Kyle has his new kayak, an 11' Emotion Kayaks Envy, and is enjoying it immensely.  Both Charlena and I have tried it out and we'll be ordering our two new kayaks before we leave here.

We have an underwater video camera for when scuba diving, or just to lower over the side on a pole. It can also be used on any of the kayaks since it is waterproof.

We have a large parafoil kite for playing in the breeze while sailing or at the beach.  At over 1 meter, it's large enough to carry up the video camera to get some aerial shots too.  We still have the drone as well, but this will allow un-attended recording.

Kyle also has 2 complete sets of new scuba gear. Each set has a metallic blue Catalina aluminum 80 cubic foot tank.  The first set, Kyle's primary, is a ScubaPro Nighthawk BC with Air II. This is fitted with a Mk II S360 primary and secondary regulator.  There is no "octo" as the back-up air supply is built in to the BCD, eliminating the extra hose dangling around. The set rounds out with a wrist mounted dive computer.  The second set is Kyle's back-up, or a guest set for people coming to visit. He will be a fully certified diver before we head out to the Bahamas.

Speaking of heading out to the Bahamas...

That is our next destination. We will be heading over around the beginning of October.

In the meantime, Kyle will be taking a trip to Alaska in August for a week.  Our friends Bobby & KJ on S/V Leona Jane need to head home for a week to get their house ready for selling. Kyle will be going along to help out and see some sights.

Once everyone returns we are going to leave Green Cove Springs and head to St. Augustine (or maybe somewhere further south).

September will see Charlena and I back up in Canada to help our eldest daughter, Jenn, with the arrival of our first grandchild.

Once we return it's Bahama-time!

Full Sun and Full Moon

While Ronald decided to spend the day at the library, Charlena, Kyle, and I spent the day at St. Augustine beach with Bobby, KJ, and their two kids, Howard and Adlyn.  The weather was absolutely amazing. It was very warm, but not quite hot. A strong breeze was blowing off the Atlantic all afternoon while we played in the sand, sat and chatted.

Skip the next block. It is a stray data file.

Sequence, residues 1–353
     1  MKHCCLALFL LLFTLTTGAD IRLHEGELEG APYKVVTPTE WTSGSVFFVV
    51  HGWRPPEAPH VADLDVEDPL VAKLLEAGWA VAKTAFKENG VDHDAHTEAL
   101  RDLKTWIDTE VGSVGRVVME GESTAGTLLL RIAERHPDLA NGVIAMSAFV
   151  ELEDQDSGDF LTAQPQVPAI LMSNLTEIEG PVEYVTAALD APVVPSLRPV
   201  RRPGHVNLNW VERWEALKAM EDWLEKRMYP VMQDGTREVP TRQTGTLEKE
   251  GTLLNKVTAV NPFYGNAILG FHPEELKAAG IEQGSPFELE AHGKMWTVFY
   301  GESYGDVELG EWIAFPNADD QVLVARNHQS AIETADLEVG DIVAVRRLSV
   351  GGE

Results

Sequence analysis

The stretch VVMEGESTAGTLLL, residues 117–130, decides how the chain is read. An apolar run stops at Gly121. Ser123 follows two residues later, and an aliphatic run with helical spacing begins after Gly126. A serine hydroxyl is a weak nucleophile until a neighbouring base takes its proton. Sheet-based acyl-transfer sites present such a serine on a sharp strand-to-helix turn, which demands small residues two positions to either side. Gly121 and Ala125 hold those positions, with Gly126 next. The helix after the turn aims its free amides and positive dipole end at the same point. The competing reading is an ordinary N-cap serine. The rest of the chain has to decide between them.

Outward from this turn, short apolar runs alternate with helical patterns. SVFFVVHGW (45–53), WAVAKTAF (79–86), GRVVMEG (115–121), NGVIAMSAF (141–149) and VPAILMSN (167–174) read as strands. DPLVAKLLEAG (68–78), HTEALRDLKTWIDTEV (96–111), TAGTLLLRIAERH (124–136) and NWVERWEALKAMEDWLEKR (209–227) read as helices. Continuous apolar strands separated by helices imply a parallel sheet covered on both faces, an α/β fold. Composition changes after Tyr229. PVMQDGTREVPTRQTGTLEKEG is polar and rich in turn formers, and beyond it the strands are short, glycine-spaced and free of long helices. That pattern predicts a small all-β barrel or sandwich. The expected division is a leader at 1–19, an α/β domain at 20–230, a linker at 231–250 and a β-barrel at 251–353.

Kyle & Bobby got out Bobby's pack raft and took turns going surfing with it. Meanwhile I, Charlena, and KJ made plans for the Bahamas this coming winter.

It's a pretty awesome beach on Anastasia Island, and they allow 4x4 vehicles on the beach.  We still have our Expedition, which is full-time 4-wheel drive so we were able to drive down the beach to a quiet area and set up right next to the trucks (Bobby & KJ have a 4x4 pick-up).

After the beach closed at 8 we headed out for dinner at a Mexican restaurant. Turns out we were thinking of different restaurants however, but a few text messages got that sorted out. So we had to wait about 15 minutes for them to show up, but some Mexican appetizers kept us company while we waited.

We are now back at the boat, under a beautiful moonlit sky. It's mostly clear, but there are scattered wispy clouds that keep passing in front of the moon. It's so totally a horror-movie moon tonight, but in this warm, breezy tropical environment, nothing could be further from a horror-movie.

You simply couldn't get better weather than we had today. 

We're Home!

At 9am Friday, we were in Ontario and it was 8 degrees. By 9am Saturday we were back at the boat, and it's 38 degrees. It was one heck of a drive but we made it.  It's so nice to be back at the boat. We have a bit of maintenance to do before we can take it out (we need to replace an impeller on the starboard engine) so we're going to be getting on to that soon, and getting the sails back up.

 

Just a short post today as I'm tired. We'll post again soon.

Update

Thank you to all who have been asking about me post surgery. Your support to us has not gone unnoticed. My surgery went as planned and I hope that all the post surgical demons has shown their face now. I continue to heal and hope that each day continues to get better then the last. I have a follow up appointment in early June. We hope at this time, I will have recovered enough to return to the boat. We miss everyone very much and look forward to our return soon.